United States General Accounting Office GAO Testimony Before the Subcommittee on Aviation, Committee on Transportation and Infrastructure, House of Representatives For Release on Delivery Expected at AIR TRAFFIC CONTROL 11a.m. EDT Monday October 11, 1999 Status of FAA’s Implementation of the Display System Replacement Project Statement of Gerald L. Dillingham, Associate Director, Transportation Issues, Resources, Community, and Economic Development Division GAO/T-RCED-00-19 Mr. Chairman and Members of the Subcommittee: We appreciate the opportunity to provide our observations on the status of the Federal Aviation Administration’s (FAA) implementation of the Display System Replacement (DSR) project. DSR, which replaces the controllers’ workstations and other equipment in the nation’s en route centers,1 is one of FAA’s major projects under the air traffic control modernization program. In 1981, FAA began a multibillion-dollar modernization effort to improve the safety, the capacity, and the efficiency of this system to meet the increasing demand for air traffic services and to replace aging equipment. The agency plans to spend approximately $41 billion on the modernization effort from fiscal years 1982 through 2004. FAA has historically experienced some major difficulties in delivering modernization projects within cost, schedule, and performance parameters.2 However, over the past couple of years, FAA has taken steps to improve its management of the modernization program. In particular, the agency has revised its approach to acquiring new systems by limiting their scope to manageable segments. Continuing with its new approach to modernization is key to allowing FAA to consistently deliver new systems within established goals. In this context, you asked us to address (1) the status of FAA’s overall modernization program, (2) FAA’s progress in implementing DSR, with particular emphasis on events surrounding Boston’s implementation, and (3) opportunities for continued success by FAA in completing its modernization projects. GAO has a long history of reviewing the modernization program as well as individual projects, and this testimony is based on prior reports and testimonies.3 My testimony today is structured around a series of slides (see app. I). In summary, the slides show the following: 1 En route centers, also called air route traffic control centers, are one of three types of facilities that FAA uses to control air traffic. These facilities control planes in transit and during approaches to some airports. The airspace that most en route centers control extends above 18,000 feet for commercial aircraft. En route centers also handle aircraft at lower altitudes when dealing directly with a control tower. 2 Because of the size, the complexity, the cost, and the problem-plagued past of FAA’s modernization program, we have designated it a high-risk information technology investment since 1995. It is one of four high-risk system development and modernization efforts. See High-Risk Series: An Overview (GAO/HR-95-1, Feb. 1995); High-Risk Series: Information Management and Technology (GAO/HR-97-9, Feb. 1997); and High-Risk Series: An Update (GAO/HR-99-1, Jan. 1999). 3 A list of related GAO products is attached. Page 1 GAO/T-RCED-00-19 • FAA’s revised approach to modernization—acquiring new systems by using a more incremental approach as opposed to its prior practice of tackling large, complex projects all at once—appears to be paying dividends. DSR, which evolved from FAA’s restructuring of the Advanced Automation System,4 reflects this incremental approach. With DSR, FAA has concentrated on replacing the controllers’ workstations and other supporting equipment and plans to add new functions and capabilities later.5 With the former project, FAA had attempted to do both—replace old equipment and add new functions concurrently. Another aspect of the new modernization approach involves working actively with the aviation community to make decisions more collaboratively, as opposed to unilaterally making decisions about air traffic control modernization. FAA’s decision to revise the schedule for implementing DSR at some facilities to minimize potential impacts on service, after collaborating with the aviation industry, is a positive example. • FAA has achieved a more successful implementation of DSR than other aspects of its modernization program. FAA developed DSR within its estimated cost and schedule milestones. Nationwide, DSR has been delivered to all of the facilities that were scheduled to receive it, and FAA is in various stages of testing and using it. One of these facilities (Boston) is expected to begin using DSR in a limited capacity next week and should begin full operations in January 2000. One lesson learned from the earlier implementation of DSR at en route facilities is that the transition to the new equipment, coupled with other factors, had an impact on FAA’s delivery of air traffic services. For example, FAA managers at some facilities added extra distance between aircraft (known as miles-in-trail) while controllers were becoming familiar with the new equipment. The extra distance, coupled with severe weather and other factors, contributed to delays. FAA has since modified its procedures, including revising the dates for Boston’s limited use of the equipment, to reduce the potential impacts associated with the transition. • FAA has an opportunity to replicate its success with DSR on other modernization projects that are underway and with future efforts. 4 Advanced Automation System, the one-time centerpiece of the modernization program, was designed to replace the computer hardware and software, including workstations, used by controllers in air traffic control facilities. Numerous problems during development led FAA to restructure the project in 1994. 5 One such capability already planned is the User Request Evaluation Tool, which is a “conflict probe.” This tool will provide controllers with a 20-minute “look ahead” to detect potential conflicts when considering pilots’ requests for altitude or route changes. Detection of potential conflicts early will help improve system safety and allow pilots to fly preferred routes that will save the airlines time and fuel costs. Page 2 GAO/T-RCED-00-19 However, it will be very important for the agency to continue to incorporate the factors contributing to DSR’s success, namely (1) using an incremental approach to modernization, (2) collaborating with internal users (controllers and maintenance technicians) and with external users (airline industry), and (3) implementing recommendations to improve the modernization program. FAA has begun to take actions to develop a complete systems architecture to guide modernization, improve its investment management approach, develop mature software acquisition capabilities, and change its organizational culture. As we have discussed in our previous reports, shortcomings in these areas have led to problems in the past. While FAA’s efforts to correct these shortcomings are encouraging, more remains to be done. Additionally, as FAA embarks on full implementation of DSR and other planned equipment upgrades to improve safety and efficiency, it will be important for the agency to continue to monitor efficiency measures to determine if the changes that have been implemented are having the intended effect of minimizing impacts on service. For additional information about this testimony, please contact Gerald Contact and Dillingham at (202) 512-2834. Individuals making major contributions to Acknowledgement this testimony include Danielle Bartoni, Pete Maristch, John Noto, and Belva Martin. Page 3 GAO/T-RCED-00-19 Appendix I Page 4 GAO/T-RCED-00-19 Appendix I Page 5 GAO/T-RCED-00-19 Appendix I Page 6 GAO/T-RCED-00-19 Appendix I Page 7 GAO/T-RCED-00-19 Appendix I Page 8 GAO/T-RCED-00-19 Appendix I Page 9 GAO/T-RCED-00-19 Appendix I Page 10 GAO/T-RCED-00-19 Appendix I Page 11 GAO/T-RCED-00-19 Related GAO Products Aviation Acquisition: A Comprehensive Strategy Is Needed for Cultural Change at FAA (GAO/RCED-96-159, Aug. 22, 1996) and Air Traffic Control: FAA’s Modernization Investment Management Approach Could Be Strengthened (GAO/RCED/AIMD-99-88, Apr. 30, 1999). Air Traffic Control: Observations on FAA’s Air Traffic Control Modernization Program (GAO/T-RCED/AIMD-99-137, Mar. 25, 1999). Air Traffic Control: Status of FAA’s Modernization Program (GAO/RCED-99-25, Dec. 3, 1998). Air Traffic Control: Evolution and Status of FAA’s Automation Program (GAO/T-RCED/AIMD-98-85, Mar. 5, 1998). Air Traffic Control: Observations on FAA’s Modernization Program (GAO/T-RCED/AIMD-98-93, Feb. 26, 1998). Air Traffic Control: Immature Software Acquisition Processes Increase FAA Systems Acquisition Risks (GAO/AIMD-97-47, Mar. 21, 1997). Air Traffic Control: Complete and Enforced Architecture Needed for FAA Systems Modernization (GAO/AIMD-97-30, Feb. 3, 1997). Air Traffic Control: Improved Cost Information Needed to Make Billion-Dollar Modernization Investment Decisions (GAO/AIMD-97-20, Jan. 22, 1997). (348198) Page 12 GAO/T-RCED-00-19 Ordering Information The first copy of each GAO report and testimony is free. Additional copies are $2 each. Orders should be sent to the following address, accompanied by a check or money order made out to the Superintendent of Documents, when necessary. VISA and MasterCard credit cards are accepted, also. Orders for 100 or more copies to be mailed to a single address are discounted 25 percent. Orders by mail: U.S. General Accounting Office P.O. 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Air Traffic Control: Status of FAA's Implementation of the Display System Replacement Project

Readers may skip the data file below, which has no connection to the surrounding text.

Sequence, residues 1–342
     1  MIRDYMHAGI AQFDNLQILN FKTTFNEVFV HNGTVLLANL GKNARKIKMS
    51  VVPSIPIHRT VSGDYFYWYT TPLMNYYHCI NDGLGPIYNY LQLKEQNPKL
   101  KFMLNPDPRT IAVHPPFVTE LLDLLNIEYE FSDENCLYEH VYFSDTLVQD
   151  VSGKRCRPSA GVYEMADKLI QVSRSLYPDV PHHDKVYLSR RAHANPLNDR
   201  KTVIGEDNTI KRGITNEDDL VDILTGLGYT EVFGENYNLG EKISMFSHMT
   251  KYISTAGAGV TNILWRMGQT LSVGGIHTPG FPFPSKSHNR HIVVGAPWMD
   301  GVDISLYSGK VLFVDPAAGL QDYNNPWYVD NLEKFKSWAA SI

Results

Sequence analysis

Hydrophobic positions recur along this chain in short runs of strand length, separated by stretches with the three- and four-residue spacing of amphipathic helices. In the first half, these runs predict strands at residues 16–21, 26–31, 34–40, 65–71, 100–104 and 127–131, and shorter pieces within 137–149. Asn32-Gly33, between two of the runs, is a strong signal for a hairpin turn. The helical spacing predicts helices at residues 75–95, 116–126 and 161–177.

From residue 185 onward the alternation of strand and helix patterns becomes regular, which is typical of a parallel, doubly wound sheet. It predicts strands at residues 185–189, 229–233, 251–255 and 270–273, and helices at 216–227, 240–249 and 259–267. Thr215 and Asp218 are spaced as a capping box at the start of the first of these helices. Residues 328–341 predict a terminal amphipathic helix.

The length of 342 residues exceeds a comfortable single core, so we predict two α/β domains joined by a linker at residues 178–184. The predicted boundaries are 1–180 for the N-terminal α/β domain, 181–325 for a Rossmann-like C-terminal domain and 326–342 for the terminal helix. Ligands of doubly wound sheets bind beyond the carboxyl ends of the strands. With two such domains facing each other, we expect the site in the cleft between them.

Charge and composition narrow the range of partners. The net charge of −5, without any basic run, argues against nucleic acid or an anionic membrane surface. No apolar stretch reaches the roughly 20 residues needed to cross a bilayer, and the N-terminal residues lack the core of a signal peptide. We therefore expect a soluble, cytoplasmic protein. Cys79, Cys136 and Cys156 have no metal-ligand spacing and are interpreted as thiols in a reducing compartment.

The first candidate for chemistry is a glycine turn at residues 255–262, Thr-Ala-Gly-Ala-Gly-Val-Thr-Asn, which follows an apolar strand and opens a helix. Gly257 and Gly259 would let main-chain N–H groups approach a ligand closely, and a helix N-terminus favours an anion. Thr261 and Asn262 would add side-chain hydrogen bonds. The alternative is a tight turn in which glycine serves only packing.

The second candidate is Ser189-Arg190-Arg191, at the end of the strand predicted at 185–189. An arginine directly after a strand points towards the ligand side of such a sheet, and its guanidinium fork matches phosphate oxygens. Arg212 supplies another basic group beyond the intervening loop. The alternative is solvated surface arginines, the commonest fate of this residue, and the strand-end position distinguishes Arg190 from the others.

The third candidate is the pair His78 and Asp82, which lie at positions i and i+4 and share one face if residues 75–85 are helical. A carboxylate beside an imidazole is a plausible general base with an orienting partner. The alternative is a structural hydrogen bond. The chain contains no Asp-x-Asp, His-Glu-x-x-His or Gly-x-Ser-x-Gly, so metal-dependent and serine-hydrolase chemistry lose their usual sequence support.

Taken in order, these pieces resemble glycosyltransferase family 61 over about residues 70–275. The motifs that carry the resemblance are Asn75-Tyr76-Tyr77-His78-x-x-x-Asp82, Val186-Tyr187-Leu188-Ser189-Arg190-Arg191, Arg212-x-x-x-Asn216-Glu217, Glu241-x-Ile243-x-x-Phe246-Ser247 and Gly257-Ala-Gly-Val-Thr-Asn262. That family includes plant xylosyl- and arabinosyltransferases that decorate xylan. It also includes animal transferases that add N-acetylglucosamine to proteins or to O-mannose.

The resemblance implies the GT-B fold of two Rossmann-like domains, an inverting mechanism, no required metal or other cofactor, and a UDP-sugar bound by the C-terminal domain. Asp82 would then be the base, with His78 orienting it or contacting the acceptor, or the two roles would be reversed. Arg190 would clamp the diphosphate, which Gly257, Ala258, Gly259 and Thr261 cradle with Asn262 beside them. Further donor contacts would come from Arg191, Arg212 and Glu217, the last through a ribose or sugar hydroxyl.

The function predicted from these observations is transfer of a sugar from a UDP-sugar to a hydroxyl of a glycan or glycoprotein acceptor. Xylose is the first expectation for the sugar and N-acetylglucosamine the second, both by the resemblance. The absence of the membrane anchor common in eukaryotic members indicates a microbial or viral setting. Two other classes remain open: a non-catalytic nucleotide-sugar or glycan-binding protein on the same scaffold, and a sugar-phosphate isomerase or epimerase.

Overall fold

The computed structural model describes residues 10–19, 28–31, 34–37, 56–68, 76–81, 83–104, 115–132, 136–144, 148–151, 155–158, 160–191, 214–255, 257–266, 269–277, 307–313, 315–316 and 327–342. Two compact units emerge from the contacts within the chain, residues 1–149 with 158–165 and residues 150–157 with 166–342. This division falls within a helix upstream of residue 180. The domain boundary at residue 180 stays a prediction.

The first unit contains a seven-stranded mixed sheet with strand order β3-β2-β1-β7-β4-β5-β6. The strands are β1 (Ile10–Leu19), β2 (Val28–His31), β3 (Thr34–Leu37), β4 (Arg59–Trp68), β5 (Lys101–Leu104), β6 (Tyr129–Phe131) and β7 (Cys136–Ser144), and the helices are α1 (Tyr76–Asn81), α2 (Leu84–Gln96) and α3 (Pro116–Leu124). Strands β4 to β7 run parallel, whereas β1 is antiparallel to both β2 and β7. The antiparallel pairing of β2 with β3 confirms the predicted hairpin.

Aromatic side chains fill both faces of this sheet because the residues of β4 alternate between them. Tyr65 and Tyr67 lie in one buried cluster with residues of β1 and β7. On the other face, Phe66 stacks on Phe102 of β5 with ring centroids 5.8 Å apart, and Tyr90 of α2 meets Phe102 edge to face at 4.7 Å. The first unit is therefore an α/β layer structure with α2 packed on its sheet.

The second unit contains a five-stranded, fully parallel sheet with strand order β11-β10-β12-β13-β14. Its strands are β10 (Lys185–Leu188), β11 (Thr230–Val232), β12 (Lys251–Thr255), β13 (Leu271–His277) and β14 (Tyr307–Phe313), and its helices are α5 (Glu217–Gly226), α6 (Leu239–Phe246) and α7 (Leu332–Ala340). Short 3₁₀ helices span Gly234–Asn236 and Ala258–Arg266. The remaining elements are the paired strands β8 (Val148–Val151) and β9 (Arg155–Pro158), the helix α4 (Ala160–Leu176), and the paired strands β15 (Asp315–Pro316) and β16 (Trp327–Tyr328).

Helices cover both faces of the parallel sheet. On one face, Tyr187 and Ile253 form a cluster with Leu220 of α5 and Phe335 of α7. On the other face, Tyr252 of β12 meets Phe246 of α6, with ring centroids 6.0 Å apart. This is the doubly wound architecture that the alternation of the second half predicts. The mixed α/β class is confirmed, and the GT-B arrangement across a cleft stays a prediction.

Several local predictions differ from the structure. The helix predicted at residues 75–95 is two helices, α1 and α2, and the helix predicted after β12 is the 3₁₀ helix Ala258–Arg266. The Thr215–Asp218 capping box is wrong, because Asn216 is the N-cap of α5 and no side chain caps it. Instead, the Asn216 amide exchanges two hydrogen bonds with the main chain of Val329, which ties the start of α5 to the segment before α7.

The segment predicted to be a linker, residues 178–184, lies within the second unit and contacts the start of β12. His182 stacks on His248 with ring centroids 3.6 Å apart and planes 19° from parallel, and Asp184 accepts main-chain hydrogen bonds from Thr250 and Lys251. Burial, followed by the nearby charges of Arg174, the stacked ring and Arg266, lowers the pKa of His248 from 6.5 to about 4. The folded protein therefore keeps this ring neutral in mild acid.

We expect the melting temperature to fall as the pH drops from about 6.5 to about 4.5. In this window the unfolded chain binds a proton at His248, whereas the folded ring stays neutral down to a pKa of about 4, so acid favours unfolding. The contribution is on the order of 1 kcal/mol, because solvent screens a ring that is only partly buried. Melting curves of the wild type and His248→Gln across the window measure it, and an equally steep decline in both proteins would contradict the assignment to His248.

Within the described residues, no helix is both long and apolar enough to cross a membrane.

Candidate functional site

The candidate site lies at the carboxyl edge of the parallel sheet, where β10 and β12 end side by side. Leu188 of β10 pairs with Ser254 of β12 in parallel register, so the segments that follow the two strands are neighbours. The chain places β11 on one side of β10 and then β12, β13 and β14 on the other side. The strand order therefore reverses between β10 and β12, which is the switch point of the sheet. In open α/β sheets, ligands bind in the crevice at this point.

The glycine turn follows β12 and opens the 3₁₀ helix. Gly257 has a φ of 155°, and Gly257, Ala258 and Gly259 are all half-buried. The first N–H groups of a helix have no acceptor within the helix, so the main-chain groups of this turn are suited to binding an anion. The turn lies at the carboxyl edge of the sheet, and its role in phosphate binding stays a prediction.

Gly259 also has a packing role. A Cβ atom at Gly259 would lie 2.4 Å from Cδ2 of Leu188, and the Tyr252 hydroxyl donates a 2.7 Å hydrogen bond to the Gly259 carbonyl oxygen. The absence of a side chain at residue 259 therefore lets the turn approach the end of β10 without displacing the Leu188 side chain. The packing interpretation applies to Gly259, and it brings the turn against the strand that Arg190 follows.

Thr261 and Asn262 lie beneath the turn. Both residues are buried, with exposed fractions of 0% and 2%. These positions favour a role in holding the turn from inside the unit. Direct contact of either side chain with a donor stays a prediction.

Published by the Government Accountability Office on 1999-10-11.
Below is a raw (and likely hideous) rendition of the original report. (PDF)